How far along are you in your professional aspirations? Are you applying “constant pressure for as long as it takes”? Are you undaunted by the inherent rejection of the profession? Have you never stopped believing? Please share!

Passengers is expected to be released in December 2016, and Guardians of the Galaxy Vol. 2 will come out in 2017.

Chris Pratt Shares His ‘Awesome’ Creative Acting Techniques

June 8, 2015

Have you ever created your own acting technique? Rather than rely solely on the tools you learned in your Method acting or improv class, perhaps you came up with a helpful technique that was specifically well-suited to the way you do things. Well, that’s what Guardians of the Galaxy actor, Chris Pratt seems to relish doing. Pratt recently shared with GQ Magazine that although he might appear like he’s often playing the funny man and not be taking things seriously, that he actually is quite cerebral when it comes to his work.

When discussing his role of failed-lawyer Brett in the Vince Vaughn movie Delivery Man, Pratt revealed, “I came up with some awesome techniques on that movie that I still use.” Using color associations to impact his emotions, he explains, “In that movie, I used bright orange, like a blaze of orange, as a reminder that my [character’s] mother doesn’t seem to believe in me and that she believes I’m a failure.” So, while on set, Chris strategically stuck Post-it notes off camera and within his line of vision to catch his attention during the scene. “And it would affect me emotionally underneath,” he said.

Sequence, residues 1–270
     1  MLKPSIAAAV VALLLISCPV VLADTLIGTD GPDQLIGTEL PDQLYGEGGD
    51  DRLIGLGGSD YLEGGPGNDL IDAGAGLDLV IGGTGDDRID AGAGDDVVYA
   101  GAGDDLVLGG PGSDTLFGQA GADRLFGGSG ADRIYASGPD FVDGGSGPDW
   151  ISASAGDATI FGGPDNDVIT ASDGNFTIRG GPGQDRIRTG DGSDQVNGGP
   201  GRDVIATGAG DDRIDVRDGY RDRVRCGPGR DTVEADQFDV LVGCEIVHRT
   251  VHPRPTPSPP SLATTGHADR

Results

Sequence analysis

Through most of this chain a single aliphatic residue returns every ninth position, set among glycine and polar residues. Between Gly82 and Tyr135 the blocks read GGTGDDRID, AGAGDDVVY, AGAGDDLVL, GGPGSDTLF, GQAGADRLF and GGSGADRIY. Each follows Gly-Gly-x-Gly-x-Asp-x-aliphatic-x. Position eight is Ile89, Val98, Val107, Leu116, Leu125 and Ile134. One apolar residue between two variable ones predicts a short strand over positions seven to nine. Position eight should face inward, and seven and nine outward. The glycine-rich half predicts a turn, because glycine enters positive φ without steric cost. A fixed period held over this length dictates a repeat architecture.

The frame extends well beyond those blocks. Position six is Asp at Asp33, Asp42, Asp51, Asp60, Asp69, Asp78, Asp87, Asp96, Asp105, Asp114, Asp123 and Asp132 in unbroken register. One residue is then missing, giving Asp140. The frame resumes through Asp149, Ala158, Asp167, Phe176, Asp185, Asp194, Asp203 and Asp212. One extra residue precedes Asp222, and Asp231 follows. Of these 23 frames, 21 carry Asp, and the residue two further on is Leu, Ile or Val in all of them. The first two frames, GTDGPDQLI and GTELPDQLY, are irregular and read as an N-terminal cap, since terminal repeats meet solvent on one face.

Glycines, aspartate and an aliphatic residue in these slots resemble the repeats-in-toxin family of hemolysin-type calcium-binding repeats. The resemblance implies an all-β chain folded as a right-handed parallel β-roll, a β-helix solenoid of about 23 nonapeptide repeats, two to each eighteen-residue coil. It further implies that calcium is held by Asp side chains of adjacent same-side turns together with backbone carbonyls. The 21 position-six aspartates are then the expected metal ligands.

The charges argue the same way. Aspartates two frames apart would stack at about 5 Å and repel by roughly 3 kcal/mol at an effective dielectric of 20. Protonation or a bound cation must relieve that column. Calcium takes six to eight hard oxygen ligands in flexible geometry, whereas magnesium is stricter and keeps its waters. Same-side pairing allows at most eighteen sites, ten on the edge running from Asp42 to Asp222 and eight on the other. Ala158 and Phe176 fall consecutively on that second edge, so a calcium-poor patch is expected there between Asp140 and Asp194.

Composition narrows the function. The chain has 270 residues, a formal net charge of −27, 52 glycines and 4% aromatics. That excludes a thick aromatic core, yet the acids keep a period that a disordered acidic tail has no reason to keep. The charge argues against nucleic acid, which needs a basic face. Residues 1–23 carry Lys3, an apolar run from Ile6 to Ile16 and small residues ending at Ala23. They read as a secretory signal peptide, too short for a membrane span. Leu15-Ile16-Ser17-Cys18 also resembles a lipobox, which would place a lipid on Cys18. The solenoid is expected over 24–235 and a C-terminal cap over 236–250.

Additionally, it’s pretty common for actors to use music to tune into the various moods their characters are experiencing, but here’s how Pratt makes the most out of his music in order to affect the “rhythm of [his] spirit.” He stores a hundred-plus songs on his phone under the category of “Acting Music,” and then files them into further groupings like “Love,” “Sadness,” “Wonderment,” and “Action.” From there, he renames each musical piece with specific imagery that arouses strong, distinctive feelings. For example, under the “Sadness” file are choices to listen to like “Leaving Home,” “Brother’s Funeral,” and “European Town in Ruins.”

Another technique Chris talked about was one he admitted to finding while searching on the internet. He imagines which animal his character most resembles, and lets that inform the posture he’ll use as he moves. For instance, while playing Velociraptor trainer Owen Grady in the upcoming Jurassic World, Pratt likened him to a dolphin, explaining, “They lead with their forehead.”

They say inventions are born out of necessity, and sometimes actors need something to pull them through a scene or gig. What kind of creative tools do you use when challenged to take your performances to the next level?